Commentary Search

  • To See the World: Three Imperatives for Missile Warning Success

    In 2014, while serving as squadron commander, I wrote an article capturing elements of what constituted my leadership philosophy. In the article, I described the balance between taking care of the mission, unit personnel, and myself as the three pillars of sound leadership. These three elements have not changed over the years but they have – combined with changes in our strategic environment – prompted me to develop a Delta command approach motivated by three distinct imperatives: our oath as foundational to everything we do, our mission’s role in national security, and the development of space warfighters as key to operating in the new space environment.
  • Money makes the world go ‘round

    From the time of the Continental Army, the importance of a financial manager in the payment of entitlements has been widely known. On June 16, 1775, in Philadelphia, Pennsylvania, the Continental Congress established the first Pay Master General, James Warren. Today, most members primarily correlate our responsibilities to the financial operations function regarding military and travel pay; however, our role reaches far beyond what members encounter at the customer service offices. The second function of the Financial Management community is to manage budget and accounting operations for the entire service. This process starts with the development of a 5-year Future Years Defense Program (FYDP) that is codified by the passing of the National Defense Authorization Act signed into law each year by the President. This law reaches every aspect of our day-to-day lives from home station operations in garrison to supporting overseas contingency operations around the globe.
  • BSFB develops seamless integration, enhances culture

    I am proud to represent the United States Space Force as the Buckley Space Force Base commander.
  • The literal cost of leadership

    Many years ago, a mentor of mine relayed a story about one of the founding fathers of the U.S. Air Force, retired Gen. Benjamin Foulois. He explained that Foulois was assigned to the Signal Corps in the early 1900s and was part of the initial cadre to fly dirigibles for the U.S. Army. In parallel, the Wright Brothers were making improvements to their heavier-than-air flying machine which started to catch attention of military brass. Foulois’ experience with dirigibles and his vision of what the Wright Flyer could deliver in future warfare led him to write a thesis on airpower while at Professional Military Education. Because of that vision, he was selected to lead acceptance testing of the aircraft and then charged with learning how to fly this machine and make it practical for military action.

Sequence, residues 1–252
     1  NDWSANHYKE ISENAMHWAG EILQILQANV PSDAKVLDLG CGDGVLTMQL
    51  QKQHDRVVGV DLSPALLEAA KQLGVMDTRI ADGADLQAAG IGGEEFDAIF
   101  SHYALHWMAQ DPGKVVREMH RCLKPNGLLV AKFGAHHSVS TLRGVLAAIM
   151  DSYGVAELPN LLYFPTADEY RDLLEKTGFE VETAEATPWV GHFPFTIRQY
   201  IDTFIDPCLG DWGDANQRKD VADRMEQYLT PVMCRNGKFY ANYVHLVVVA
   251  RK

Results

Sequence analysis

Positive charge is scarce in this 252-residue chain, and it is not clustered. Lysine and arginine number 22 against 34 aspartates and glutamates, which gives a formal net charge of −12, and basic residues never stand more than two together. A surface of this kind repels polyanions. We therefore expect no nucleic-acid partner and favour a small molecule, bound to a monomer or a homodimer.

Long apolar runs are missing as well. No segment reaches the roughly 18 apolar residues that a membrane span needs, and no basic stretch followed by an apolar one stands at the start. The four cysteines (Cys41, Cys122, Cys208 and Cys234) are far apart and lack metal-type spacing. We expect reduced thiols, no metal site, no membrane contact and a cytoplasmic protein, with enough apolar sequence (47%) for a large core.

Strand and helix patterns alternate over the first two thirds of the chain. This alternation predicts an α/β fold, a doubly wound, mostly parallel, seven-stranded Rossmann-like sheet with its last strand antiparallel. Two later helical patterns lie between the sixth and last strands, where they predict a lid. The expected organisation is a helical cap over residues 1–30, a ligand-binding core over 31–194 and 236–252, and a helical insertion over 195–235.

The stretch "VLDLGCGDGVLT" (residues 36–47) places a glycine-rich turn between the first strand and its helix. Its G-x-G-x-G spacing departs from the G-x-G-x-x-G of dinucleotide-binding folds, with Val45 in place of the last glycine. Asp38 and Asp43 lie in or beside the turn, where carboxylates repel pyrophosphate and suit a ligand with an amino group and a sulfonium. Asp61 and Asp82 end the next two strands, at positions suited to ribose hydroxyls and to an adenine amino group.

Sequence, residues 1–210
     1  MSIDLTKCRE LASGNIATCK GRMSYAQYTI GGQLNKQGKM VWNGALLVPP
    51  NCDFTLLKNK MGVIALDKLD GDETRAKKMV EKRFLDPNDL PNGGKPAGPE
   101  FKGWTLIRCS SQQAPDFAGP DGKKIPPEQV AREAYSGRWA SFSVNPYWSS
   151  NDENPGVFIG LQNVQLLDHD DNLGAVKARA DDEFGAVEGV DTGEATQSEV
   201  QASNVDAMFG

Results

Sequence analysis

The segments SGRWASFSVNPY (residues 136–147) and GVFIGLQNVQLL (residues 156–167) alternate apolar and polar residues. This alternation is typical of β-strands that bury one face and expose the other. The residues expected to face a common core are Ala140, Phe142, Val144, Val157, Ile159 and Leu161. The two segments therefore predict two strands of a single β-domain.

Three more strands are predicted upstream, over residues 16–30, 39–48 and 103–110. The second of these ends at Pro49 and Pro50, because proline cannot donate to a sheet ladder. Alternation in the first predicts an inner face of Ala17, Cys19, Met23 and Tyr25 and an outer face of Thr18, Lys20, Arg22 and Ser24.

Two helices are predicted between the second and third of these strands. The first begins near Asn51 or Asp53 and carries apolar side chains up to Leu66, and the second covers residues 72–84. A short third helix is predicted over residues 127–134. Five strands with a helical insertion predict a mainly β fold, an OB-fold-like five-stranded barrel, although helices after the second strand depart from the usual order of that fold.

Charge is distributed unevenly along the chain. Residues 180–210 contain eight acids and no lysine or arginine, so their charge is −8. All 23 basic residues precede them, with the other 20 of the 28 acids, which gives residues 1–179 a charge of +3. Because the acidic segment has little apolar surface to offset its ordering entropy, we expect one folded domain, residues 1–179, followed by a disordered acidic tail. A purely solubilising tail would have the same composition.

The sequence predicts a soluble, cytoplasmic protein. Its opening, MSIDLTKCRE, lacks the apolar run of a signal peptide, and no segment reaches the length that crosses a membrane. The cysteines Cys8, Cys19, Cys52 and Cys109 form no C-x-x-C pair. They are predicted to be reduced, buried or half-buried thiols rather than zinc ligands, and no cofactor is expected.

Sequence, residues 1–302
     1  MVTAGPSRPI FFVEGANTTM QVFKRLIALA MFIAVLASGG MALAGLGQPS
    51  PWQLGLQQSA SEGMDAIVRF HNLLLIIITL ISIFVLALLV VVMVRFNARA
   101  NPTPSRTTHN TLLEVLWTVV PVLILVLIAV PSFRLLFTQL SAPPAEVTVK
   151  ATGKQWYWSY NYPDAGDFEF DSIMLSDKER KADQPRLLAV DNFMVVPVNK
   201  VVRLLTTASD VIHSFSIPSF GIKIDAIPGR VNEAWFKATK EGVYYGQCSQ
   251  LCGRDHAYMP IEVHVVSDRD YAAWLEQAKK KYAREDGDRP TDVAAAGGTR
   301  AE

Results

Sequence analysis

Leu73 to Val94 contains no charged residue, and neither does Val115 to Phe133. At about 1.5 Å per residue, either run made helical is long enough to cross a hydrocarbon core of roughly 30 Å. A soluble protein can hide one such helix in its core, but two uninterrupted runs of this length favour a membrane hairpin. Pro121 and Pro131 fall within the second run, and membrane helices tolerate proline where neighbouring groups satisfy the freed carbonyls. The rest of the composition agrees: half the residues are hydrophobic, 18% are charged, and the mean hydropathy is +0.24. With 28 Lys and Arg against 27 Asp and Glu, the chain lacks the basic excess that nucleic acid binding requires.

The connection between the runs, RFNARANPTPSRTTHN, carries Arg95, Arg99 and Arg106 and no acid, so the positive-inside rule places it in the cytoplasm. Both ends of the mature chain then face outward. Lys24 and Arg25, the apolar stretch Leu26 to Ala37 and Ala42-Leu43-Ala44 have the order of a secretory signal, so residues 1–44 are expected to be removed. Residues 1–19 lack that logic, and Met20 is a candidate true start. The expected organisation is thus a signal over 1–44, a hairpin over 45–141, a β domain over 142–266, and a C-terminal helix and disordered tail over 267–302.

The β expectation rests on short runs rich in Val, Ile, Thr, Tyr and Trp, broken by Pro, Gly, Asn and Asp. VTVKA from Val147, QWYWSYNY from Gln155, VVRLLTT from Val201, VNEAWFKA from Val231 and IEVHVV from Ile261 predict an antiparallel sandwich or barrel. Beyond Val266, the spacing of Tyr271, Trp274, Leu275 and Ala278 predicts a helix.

• My thoughts on Black History Month

    When it comes to Black History Month, I suppose that I have mixed feelings. On the one hand, I love that we are taking time as a nation to celebrate the contributions and historical impact of Black people. Amazingly, during this month, people learn about all the great Black figures who helped shape the world we live in. As a child, I always loved reciting speeches written by Dr. Martin Luther King, Sojourner Truth, and other great Black Americans. I reveled in the fact that some of my favorite things were invented by people who looked like me.
  • Arctic Remembrance Day

    The 12th Space Warning Squadron at Thule Air Base, Greenland, is a shining example of the strong relationship between the United States Air Force, United States Space Force, and Royal Canadian Air Force.
  • The Importance of the Gates

    The Importance of Gates; a Defenders Perspective.
  • The 460th Medical Group Restructures

    Many of you may have noticed that the provider team you normally see at the 460th Medical Group has now changed.  Have no fear, the same great care you have received from your previous provider team will not change!  The mile high medics just completed a reorganization and re-designation of their squadrons as directed by the Air Force Medical
  • High expectations

    I witnessed authentic leadership in a 16 year-old high school marching band percussionist. At a state-wide competition, her band was staged in a parking lot overlooking the football field waiting for their time to perform. She and a small number of other musicians were watching a competing band on the field while they waited. Around her were about 30 of her bandmates, many of whom were chatting, laughing, and wandering aimlessly as a way to cope with the stress of competition -- then it happened.
  • 460th SFS launches “Obey the Sign or Pay the Fine” enforcement campaign against speeding

    According to the National Highway Traffic Safety Administration, during 2015, more than 9,500 lives were lost across America in speeding-related traffic crashes. Even one life lost to speeding is too many. Here at Buckley Air Force Base, we’re taking the safety of our members to the next level. The 460th Security Forces Squadron will intensify